March 10, 2004 Gazette-Virginian
"Every building has an incredible story to tell," architectural historian and consultant Kim Chen told a rapt Halifax audience yesterday. "Walls can talk."
Chen, who was part of the Halifax County-commissioned historical properties survey, reeled off a series of Halifax County treasures, ranging from one of the oldest structures, circa 1740 and located at The Cove, to the splendid Greek Revival Berry Hill mansion.
"Halifax County has a wonderful legacy of known builders," she said, naming Dabney Cosby Jr. and Sr.
The guest speaker during a joint meeting of the Halifax Woman's Club and the Halifax County Historical Society, Chen shared insight into the county's inventory of historical structures as well as possible avenues to save existing but endangered buildings.
In response to questions, Chen suggested establishing or tapping revolving funds as one strategy to protect structures until appropriate owners can be located.
She also suggested conservation easements to keep structures from being removed from the county or destroyed, and restrictive covenants in deeds to protect properties as two options.
In addition to a series of county homes and dependencies, Chen also identified "an incredible little building" located on North Main Street in the Town of Halifax as one of the county's collective treasures.
Both Chen, in her county survey, and Gordon Lohr, Revolving Fund Director for the Association For ThePreservation of Virginia Antiquities, have identified the 1830s structure as an historic property.
"The property is held by a mortgage company," Halifax Town I Manager Carl Espy told the crowd yesterday. He said the town is pursuing stabilizing the property.
The town manager said the property's identification as an historic property alerted officials to act for its protection and preservation.
Halifax native Em Edmunds, who has been active in historical preservation efforts, also noted the location of an early white brick building on Route 360 leaving Halifax.
The structure once served as an African-American barbershop and is considered "a significant piece of the African-American community" history.
A survey of the county's historic properties "creates a historic context for the community," Chen told the audience.
A second benefit, USGS maps identify all buildings, she explained, and surveyors taking the historic inventory identify structures 50 years old or older.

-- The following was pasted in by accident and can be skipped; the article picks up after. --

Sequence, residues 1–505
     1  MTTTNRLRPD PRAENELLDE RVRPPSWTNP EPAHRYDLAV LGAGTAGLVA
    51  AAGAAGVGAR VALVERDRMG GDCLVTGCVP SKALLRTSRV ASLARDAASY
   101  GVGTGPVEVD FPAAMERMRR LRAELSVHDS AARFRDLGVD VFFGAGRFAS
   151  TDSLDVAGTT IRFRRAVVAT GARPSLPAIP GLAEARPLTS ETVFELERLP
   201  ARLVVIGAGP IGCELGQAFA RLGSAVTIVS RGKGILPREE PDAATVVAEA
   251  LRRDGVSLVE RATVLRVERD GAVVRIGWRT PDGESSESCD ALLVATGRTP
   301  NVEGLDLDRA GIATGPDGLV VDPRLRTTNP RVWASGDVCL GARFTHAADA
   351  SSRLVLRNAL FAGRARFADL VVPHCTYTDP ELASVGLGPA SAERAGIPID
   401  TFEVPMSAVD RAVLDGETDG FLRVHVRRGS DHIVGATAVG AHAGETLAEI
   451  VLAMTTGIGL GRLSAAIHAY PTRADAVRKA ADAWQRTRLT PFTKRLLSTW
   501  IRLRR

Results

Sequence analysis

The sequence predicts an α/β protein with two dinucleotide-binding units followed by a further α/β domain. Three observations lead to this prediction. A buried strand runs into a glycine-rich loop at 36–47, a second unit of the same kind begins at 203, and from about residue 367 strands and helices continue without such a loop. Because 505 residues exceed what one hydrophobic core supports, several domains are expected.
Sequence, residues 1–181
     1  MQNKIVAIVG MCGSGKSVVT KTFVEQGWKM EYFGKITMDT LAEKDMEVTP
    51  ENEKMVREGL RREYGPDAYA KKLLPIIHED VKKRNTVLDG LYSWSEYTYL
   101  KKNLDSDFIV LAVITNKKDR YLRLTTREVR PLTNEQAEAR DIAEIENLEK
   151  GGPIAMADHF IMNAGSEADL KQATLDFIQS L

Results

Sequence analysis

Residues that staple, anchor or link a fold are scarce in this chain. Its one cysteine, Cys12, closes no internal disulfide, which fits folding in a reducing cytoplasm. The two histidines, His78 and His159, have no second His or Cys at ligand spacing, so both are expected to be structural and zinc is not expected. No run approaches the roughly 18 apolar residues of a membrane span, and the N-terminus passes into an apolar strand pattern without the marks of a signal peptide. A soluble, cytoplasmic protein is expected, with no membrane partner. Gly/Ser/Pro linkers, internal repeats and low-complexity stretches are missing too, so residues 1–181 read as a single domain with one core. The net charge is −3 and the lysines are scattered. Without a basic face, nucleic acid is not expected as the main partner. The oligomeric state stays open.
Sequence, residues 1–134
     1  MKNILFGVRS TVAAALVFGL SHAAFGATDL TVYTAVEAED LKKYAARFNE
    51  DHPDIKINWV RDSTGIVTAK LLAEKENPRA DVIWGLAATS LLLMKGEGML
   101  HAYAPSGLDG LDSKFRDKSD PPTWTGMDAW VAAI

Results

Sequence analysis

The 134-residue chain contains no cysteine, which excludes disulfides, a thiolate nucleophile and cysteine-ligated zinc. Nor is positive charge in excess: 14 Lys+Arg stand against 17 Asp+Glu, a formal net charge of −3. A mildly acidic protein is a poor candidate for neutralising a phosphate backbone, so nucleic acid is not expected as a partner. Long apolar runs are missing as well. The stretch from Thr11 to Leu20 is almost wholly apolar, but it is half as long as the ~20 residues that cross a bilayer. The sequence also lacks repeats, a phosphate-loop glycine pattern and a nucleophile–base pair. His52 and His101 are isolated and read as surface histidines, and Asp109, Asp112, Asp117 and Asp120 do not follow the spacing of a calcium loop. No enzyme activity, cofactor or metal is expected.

"It all goes into a database and is an incredible tool for knowledge about resources," said the architectural historian.
Chen also discussed historic districts, the nomination of structures to state and national landmark registers and the cost involved.
Chen said it may cost $3,000- $5,000 to research a single structure.
However, she said homeowners, particularly those whose families have lived in the same house for generations, may already have the needed information and can pursue historic landmark designation themselves.
In response to a question from the audience, Chen also suggested interns from the University of Virginia, Virginia Commonwealth University or Mary Washington College might help in community surveys.
"The transition between ideas of architectural history and architectural preservation" were explored by the Richmond-based architectural historian. "Architecture at its best is an art form. Even in simplest construction, " explained Chen.
Architecture evolves, is functional, and is a barometer of its time, she told the crowd.
Chen said that preservation of structures got underway in earnest in the 1920s-1930s, but that concentration was primarily on grand structures and homes.
About 1970, she said a new philosophy developed, which included traditional architecture, "the buildings of the common man."
In the 1990s, the architectural consultant said that historians began "looking at dependencies and smaller buildings."
"They also began looking at the people," she said.
A building is not just about style, or about construction, but about people and their times, Chen explained. "They tell the stories of the people and their work."
What are the 10 historic buildings in Halifax County?
"Every building has its history, but I leave it up to you all," Chen responded with a smile.
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